Spirituality, Faith, Religion and Health|
by Dr. Karen Wolfe
What is Health?
The root meaning of health is "wholeness". The word health comes from the same Anglo-Saxon root that gives us whole, hale and holy.
Western medical doctors have narrowed their view of health and pay most attention to the physical body and the material aspects of illness. Many doctors would define health as the absence of disease.
With the emergence of Complementary and Alternative medicine (which I prefer to refer to as Integrative Medicine), spiritual and religious influences upon health have re-emerged as important factors for scientific inquiry. I say re-emerged because throughout recorded history, healers were often the tribal or community leaders that were religious figures. Health is now being embraced as a dynamic and harmonious equilibrium of all the elements and forces making up and surrounding a human being.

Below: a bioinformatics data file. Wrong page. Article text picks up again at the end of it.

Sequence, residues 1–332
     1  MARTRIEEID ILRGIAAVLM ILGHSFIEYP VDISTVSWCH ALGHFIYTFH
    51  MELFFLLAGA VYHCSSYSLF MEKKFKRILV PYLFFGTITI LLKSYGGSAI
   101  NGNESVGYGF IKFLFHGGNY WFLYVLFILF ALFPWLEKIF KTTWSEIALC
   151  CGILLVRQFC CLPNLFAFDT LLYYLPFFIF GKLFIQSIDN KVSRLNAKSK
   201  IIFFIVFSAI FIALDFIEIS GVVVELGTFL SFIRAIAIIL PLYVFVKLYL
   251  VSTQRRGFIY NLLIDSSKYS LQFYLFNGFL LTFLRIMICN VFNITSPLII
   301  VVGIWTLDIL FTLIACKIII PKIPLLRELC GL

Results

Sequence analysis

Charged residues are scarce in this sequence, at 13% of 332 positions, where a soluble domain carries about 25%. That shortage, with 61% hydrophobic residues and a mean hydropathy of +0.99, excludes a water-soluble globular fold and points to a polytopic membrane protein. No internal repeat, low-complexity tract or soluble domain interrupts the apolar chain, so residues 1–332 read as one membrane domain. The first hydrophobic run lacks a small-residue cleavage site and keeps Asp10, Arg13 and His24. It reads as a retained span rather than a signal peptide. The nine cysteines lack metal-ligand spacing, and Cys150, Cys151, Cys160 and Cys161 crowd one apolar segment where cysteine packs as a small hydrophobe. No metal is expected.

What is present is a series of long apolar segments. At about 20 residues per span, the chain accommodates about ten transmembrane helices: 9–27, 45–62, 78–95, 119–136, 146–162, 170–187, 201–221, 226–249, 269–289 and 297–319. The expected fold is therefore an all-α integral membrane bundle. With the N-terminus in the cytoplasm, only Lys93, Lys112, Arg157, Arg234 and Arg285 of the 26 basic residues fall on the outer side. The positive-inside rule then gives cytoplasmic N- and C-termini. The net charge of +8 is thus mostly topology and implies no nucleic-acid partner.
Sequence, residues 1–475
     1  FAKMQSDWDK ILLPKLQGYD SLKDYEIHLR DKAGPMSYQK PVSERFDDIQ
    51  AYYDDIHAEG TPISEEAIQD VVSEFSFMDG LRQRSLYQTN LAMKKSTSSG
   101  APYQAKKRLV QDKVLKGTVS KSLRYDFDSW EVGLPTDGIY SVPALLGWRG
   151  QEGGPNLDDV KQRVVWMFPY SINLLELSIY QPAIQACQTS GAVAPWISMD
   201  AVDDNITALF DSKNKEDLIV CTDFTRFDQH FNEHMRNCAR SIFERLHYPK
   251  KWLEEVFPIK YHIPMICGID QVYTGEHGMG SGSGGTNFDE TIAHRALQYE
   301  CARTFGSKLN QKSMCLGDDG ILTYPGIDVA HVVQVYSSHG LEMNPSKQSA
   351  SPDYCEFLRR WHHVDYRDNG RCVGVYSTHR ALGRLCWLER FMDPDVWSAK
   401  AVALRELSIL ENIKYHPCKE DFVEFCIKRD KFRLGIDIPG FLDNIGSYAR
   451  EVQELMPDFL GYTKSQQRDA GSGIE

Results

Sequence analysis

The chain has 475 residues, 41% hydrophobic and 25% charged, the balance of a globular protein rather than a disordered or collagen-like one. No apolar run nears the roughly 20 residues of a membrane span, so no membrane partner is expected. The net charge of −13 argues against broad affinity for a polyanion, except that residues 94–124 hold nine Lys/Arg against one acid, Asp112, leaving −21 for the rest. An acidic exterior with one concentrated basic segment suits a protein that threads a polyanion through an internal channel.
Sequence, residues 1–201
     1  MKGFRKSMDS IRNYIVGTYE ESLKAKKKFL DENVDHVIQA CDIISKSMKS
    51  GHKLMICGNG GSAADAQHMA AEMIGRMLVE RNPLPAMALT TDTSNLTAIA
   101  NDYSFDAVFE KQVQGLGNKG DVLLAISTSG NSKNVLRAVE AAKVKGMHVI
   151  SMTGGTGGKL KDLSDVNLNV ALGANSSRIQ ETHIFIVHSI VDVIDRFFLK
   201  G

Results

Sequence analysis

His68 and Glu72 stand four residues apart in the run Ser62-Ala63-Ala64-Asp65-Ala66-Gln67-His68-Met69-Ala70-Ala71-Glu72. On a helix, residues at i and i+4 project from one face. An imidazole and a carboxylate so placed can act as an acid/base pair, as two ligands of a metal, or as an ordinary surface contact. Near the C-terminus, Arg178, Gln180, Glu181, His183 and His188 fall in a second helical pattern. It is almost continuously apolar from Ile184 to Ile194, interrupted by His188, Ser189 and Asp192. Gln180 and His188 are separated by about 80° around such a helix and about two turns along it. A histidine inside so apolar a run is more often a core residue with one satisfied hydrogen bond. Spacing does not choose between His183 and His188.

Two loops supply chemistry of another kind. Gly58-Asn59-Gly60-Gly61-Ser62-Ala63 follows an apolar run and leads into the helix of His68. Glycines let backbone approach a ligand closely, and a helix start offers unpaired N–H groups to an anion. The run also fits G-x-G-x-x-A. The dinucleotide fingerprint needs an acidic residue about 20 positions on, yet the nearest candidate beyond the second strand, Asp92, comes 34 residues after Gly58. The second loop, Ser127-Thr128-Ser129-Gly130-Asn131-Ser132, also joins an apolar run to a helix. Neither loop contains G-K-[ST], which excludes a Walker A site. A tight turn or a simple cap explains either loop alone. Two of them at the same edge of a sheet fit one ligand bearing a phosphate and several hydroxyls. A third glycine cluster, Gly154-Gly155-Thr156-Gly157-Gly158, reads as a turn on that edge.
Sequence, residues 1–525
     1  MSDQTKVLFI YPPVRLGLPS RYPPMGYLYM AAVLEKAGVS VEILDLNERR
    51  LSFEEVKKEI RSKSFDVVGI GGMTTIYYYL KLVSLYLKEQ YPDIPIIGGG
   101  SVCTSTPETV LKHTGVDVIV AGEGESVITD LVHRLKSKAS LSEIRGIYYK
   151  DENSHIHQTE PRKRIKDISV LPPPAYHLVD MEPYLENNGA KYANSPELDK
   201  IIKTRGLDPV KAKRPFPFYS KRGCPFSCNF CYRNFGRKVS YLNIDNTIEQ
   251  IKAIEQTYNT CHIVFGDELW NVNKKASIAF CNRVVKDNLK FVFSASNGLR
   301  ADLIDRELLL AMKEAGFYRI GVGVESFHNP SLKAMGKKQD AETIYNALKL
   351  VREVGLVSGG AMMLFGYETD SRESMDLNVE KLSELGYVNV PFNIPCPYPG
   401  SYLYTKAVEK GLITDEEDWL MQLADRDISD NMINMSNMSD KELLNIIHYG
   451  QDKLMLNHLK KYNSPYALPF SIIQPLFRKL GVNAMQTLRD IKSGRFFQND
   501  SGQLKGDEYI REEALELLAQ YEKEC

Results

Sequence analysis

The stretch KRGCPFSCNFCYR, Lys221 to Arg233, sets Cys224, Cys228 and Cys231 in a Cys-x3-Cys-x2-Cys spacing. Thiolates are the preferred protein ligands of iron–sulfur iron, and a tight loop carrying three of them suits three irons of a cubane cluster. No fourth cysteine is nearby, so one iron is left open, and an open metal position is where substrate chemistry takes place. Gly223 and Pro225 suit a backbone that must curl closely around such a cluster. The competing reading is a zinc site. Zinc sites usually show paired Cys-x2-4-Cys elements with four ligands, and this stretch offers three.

What Are Spirituality and Religion?
Concepts of spirituality and religion have much in common. Both address a search for the sacred and fundamental, eternal issues - issues about meaning, the use of our time, the nature of our relationships and our community with one another. Both acknowledge the transcendent, that which is outside of ourselves, and both offer methods for coping with suffering, meaninglessness, loss and issues of guilt and shame.
Even though spirituality often overlap, their differences are significant. Spirituality is not synonymous with religion. Broadly defined, spirituality is an inner sense of something greater than oneself, a recognition of a meaning to existence that transcends oneís immediate circumstances. It includes values such as gratitude, love, faith, hope, forgiveness, altruism and a diminished focus on oneself. Religion refers to the outward, tangible expression of spirituality in the form of a specific practice.
Source : The Faith Factor by Dale. A. Matthews, M.D. with Connie Clark
What Is Faith?
Webster defines faith as belief, trust, confidence. If we consider faith, or belief, from a medical, nonreligious point of view, we see overwhelming evidence that our beliefs can affect our health. Dr. Herbert Benson established the medical importance of our beliefs, stating in his book, Timeless Healing, "Our brains are wired for beliefs and expectancies. When activated, the body can respond as it would if the belief were a reality, producing deafness or thirst, health or illness."